October 2, 2008

Reindeer games?

A-line, trumpet, mermaid, empire. Full skirt or figure hugging skirt? Chiffon or taffeta, satin or silk? And do I want beads? Lace? Embroidery? Appliques? Sweetheart? V-neck? Strapless? Halter? A train? How long?

The dress shopping has begun.

Now I knew there were lots of options out there. The wedding biz is big biz after all. I’ve seen the magazines and their ads, drooled over various designers’ websites, checked out the real brides’ dresses on various websites, and boned up on the lingo and prices.

I figured I knew what I wanted… the colour had to look good against my fair skin and as a backdrop for my crazy curly red hair. The cut and shape had to make my stocky Scotch/Irish frame look as hourglass as possible. The bodice had to lock and load my generous bust, keeping it firmly under wraps and hidden. Ideally I wanted a corset back to accommodate weight fluctuations and possible overeating on The Day. The skirt had to be full length and not at all ballerina-esque and needed a small train if any at all. I’m not a fan of chiffon so I knew I wanted satin or soft taffeta. Finally, I didn’t want the whole thing to look too plain but nor did I want to look like I’d stepped out of an 80s wedding. Elegant, glamourous, sexy, distinctive yet still me.

Seemed obvious and doable.

So, armed with that knowledge and an apparently respectable budget, I made appointments during this last week with a few salons that are nearish to my home town. I say nearish because apparently my town is the city that weddings forgot and there are very very few boutiques actually in the city itself. I resigned myself to driving up to two hours for one store that was doing a trunk show for Maggie Sottero gowns.

Upon departing said trunk show, I must humbly report that I don’t think anything quite prepared me for the sheer quantity of options overall however or incredulous attitude I’d meet upon politely informing the store attendant of my wishes and hopes.

Nor did all the advance research prepare me for the continuous crushing disappointment of being told that the 6 pretty dresses I wanted to try on did not come in Madame’s necessary size, or in fact in any size close enough to allow me to get it anywhere past one thick thigh. Apparently, a trunk show is industry lingo for “you must be Kate Moss to try these on”. I am not a size 0 (size 4 in wedding dresses) so I could not try on the trunk show samples.

I felt a little like poor Rudolph, who couldn’t join in the reindeer games.

I kept at it though and after 5 stores, I’ve found 5 decent possible dresses that bear little resemblance to one another other than the fact that they’re strapless and have ruching on the front.

None has jumped out at me though as The Dress. There have been no tears, no glow, no fast-beating heart or happy smile. All five would work for me, in five different ways.

But none has me saying “That’s it. That’s My Dress”.

So the search continues.

Keep Reading ...

You Don't Want To See Me Angry.....

I think there’s a huge misconception out there about what is defined as a bridezilla.

Most brides are afraid of being called a bridezilla, and the majority of people involved in a wedding are afraid that the bride will become one! As defined by www.dictionary.com, a bridezilla is “a bride-to-be who focuses so much on the event that she becomes difficult and obnoxious.” Now let’s break this down even further :)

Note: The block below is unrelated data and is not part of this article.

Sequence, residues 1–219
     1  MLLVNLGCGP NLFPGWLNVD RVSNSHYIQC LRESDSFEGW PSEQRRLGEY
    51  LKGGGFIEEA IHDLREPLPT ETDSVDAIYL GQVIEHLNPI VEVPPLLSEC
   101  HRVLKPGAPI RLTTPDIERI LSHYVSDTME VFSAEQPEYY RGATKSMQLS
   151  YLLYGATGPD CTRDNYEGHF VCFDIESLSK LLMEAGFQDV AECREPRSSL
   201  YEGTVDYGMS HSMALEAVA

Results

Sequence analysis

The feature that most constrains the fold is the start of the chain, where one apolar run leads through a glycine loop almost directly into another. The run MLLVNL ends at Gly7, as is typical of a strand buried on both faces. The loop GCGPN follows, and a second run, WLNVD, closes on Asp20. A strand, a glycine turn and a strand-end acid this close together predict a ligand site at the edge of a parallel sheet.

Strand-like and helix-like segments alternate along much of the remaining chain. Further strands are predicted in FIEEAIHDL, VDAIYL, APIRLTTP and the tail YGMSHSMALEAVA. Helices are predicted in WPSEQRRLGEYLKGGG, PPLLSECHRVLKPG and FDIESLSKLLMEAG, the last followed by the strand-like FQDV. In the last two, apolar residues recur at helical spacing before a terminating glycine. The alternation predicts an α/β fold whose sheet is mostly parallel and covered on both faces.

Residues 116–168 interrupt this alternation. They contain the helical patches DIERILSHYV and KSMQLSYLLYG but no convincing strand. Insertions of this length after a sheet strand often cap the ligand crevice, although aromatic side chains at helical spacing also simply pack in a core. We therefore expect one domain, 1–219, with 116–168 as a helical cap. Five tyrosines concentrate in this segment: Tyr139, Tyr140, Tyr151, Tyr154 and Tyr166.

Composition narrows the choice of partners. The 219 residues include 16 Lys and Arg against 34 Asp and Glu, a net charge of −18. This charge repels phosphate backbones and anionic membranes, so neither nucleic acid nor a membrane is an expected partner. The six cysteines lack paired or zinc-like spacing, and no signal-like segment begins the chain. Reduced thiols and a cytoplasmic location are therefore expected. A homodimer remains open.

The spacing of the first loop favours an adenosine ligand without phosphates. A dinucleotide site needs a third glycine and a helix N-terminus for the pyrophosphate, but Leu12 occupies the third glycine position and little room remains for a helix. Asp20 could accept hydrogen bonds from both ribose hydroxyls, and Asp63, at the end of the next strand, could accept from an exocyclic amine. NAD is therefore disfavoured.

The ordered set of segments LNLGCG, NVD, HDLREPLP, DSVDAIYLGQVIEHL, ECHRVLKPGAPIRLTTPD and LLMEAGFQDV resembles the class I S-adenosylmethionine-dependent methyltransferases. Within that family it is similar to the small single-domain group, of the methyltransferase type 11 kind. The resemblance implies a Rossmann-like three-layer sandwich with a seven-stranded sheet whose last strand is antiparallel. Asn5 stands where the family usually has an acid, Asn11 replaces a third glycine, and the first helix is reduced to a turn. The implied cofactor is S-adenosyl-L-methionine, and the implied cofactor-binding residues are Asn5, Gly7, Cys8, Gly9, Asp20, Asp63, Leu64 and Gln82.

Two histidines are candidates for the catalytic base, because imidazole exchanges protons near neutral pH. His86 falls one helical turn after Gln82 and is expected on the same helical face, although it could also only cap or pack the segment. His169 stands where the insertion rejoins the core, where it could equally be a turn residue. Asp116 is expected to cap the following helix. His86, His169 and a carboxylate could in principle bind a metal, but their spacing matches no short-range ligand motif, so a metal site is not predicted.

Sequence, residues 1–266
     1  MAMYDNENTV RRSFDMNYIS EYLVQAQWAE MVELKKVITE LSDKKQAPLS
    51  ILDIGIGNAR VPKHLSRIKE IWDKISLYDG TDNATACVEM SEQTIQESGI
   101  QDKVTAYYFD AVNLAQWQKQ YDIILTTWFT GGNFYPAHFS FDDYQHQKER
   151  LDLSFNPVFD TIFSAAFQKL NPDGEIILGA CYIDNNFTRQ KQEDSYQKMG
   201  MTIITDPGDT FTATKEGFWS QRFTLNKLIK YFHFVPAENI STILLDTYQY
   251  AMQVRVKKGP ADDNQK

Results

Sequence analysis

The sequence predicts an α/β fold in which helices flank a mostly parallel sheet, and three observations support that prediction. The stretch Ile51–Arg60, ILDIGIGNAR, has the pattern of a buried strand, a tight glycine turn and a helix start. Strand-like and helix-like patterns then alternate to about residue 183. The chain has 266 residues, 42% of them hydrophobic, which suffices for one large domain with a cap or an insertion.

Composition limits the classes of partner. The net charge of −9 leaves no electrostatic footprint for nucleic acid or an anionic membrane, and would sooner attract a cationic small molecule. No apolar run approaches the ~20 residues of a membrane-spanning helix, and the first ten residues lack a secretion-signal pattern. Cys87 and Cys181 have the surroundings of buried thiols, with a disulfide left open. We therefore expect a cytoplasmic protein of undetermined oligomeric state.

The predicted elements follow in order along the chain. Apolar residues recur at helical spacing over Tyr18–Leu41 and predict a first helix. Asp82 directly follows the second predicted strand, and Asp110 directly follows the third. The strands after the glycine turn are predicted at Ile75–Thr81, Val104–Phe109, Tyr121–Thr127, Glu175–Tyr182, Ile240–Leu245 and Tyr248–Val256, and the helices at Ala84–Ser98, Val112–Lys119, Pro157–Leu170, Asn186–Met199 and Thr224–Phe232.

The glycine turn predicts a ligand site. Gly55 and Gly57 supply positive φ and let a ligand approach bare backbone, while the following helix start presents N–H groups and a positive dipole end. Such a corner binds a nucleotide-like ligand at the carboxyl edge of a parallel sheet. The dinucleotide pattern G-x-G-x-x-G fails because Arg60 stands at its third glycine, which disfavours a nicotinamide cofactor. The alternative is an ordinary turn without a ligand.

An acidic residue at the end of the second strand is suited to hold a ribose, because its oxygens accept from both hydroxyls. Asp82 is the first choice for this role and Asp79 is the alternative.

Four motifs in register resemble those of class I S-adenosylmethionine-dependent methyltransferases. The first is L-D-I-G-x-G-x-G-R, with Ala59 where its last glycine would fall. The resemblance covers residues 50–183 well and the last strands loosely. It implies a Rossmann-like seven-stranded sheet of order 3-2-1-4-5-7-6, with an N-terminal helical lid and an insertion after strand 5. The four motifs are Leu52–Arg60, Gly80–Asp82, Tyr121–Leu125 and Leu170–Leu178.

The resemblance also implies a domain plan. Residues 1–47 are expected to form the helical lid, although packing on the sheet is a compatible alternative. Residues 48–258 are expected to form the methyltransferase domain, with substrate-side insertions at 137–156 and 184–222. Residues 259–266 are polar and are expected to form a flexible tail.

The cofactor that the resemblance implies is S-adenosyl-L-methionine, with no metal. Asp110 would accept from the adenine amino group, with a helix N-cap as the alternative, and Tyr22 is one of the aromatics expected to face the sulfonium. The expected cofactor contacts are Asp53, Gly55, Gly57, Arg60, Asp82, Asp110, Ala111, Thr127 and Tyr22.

Every bride out there will lose it at some point. Trust me on this. (At this point in time, I could probably be the poster child for this phenomenon.) But does make me, or any other bride for that matter, a bridezilla? I’d like to think not. Stress does funny things to you, but it doesn’t necessarily turn you into a monster. But a lot of people out there immediately categorize a stressed out or crying bride as a bridezilla. In fact, I believe a lot of people relish the idea of this and sit back, rubbing their hands together in glee, so they can gossip about the latest “incident” with the bride.

I’d like to break down hypothetical situations as that what I think is a stressed out (ie., normal) bride versus a bridezilla.

A bride who is crying because she realizes her bridesmaid has yet to alter her dress and it’s just a couple weeks to the wedding. Normal bride.

A bride who is yelling because her bridesmaid refuses to go exactly where SHE wants her to go to get her dress altered, months before the wedding. Bridezilla.

A bride who gives ideas of how she’d prefer her bridesmaids to wear their hair. Normal bride.

A bride who demands that her bridesmaids have their hair done THIS way, with THIS stylist, and refuses to pay for her demands. Bridezilla.

A bride who becomes frustrated with the constant change of a seating plan (hard work!) and vents to a friend or bridesmaid. Normal bride.

A bride to becomes frustrated with her seating plan and then demands that people will just have to “deal with” where their sitting, because she just “doesn’t care anymore” because it’s “her day”, not theirs. Bridezilla.

Starting to see a pattern here? Every bride (myself included) is going to stress out at some point, but that doesn’t mean that she’s turning into some green monster, rearing its ugly head, taking out everything (and everyone!) in its path. Although… that would make for a fun movie, wouldn’t it? ;)

So, my dear readers, I ask that you take pity on the poor brides-to-be out there. If you’ve gone through a wedding, you know how difficult it is for us and how stressful it is to organize everything, everyone, trying to make as many people happy as possible. If you haven’t experienced your own wedding, well, hopefully this entry will help you understand what we go through and how difficult it is to deal with the stress of planning a wedding.

Only 16 more days for me, then I can go back to being the quiet, lovely girl that I used to be :) (I hope!)